Soon the locals, rugged descendants of Scots-Irish immigrants who had been working their farms for generations, abandoned their plows for work in the coal mines—and the regular paychecks that went with it. Most left their homes to live in newly built company towns, where migrant southern blacks and European immigrants joined them. The years that followed saw the implementation of a system of calculated subjugation. Life in the company towns was harsh, with discipline maintained by private detective agencies the owners employed. The most prominent of these was the Baldwin-Felts Detective Agency, whose operatives—“gun thugs,” the miners called them—included bounty hunters and convicted felons.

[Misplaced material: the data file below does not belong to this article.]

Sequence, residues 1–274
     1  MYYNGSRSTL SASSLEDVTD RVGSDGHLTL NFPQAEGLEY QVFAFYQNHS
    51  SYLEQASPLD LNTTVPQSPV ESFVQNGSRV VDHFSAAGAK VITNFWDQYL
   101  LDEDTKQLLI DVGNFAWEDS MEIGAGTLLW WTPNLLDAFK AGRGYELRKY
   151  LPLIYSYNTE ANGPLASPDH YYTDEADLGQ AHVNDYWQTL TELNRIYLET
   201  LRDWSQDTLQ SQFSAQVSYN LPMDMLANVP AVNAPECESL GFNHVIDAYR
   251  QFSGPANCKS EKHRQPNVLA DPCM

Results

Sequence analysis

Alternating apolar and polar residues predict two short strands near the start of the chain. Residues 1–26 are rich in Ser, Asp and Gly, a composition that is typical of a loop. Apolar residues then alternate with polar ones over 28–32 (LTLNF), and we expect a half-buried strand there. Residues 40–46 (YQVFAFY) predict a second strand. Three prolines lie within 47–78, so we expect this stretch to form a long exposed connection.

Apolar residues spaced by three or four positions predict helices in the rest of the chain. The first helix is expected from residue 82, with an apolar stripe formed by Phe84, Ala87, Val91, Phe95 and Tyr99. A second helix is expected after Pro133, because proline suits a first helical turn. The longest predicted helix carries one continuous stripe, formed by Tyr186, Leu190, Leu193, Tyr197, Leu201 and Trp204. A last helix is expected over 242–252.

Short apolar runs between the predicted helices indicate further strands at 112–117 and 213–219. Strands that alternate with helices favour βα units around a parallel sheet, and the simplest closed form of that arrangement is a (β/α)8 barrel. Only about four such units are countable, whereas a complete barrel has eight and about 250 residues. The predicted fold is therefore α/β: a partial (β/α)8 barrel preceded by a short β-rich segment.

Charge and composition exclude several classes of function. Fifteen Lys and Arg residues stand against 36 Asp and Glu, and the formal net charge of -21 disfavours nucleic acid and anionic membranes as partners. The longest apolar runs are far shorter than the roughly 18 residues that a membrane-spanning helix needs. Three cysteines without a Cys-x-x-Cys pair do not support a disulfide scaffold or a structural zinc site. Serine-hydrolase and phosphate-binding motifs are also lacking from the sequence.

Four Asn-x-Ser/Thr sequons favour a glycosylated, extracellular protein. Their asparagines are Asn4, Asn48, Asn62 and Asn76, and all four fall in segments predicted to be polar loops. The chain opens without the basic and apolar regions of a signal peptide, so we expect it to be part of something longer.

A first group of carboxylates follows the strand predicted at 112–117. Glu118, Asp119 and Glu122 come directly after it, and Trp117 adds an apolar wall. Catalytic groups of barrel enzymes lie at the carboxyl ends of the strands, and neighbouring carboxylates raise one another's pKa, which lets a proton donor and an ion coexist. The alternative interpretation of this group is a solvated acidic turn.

The coal companies controlled the police, along with everything else: churches, schools, stores, and the houses (often one-room shanties) in which the families lived. Miners’ wives had to buy food and other overpriced necessities at a company store, using “scrip”—devalued company currency—instead of cash. Having to buy their own equipment, miners started out in debt. With living costs often exceeding wages, they were driven further into debt with each paycheck. And in a business in which mules were valued more than men and the only way in or out of town was on a company train or a company road, the West Virginia miners and their debt-ridden families had nowhere else to go. They were prisoners, literally and figuratively, of the coal companies that employed them.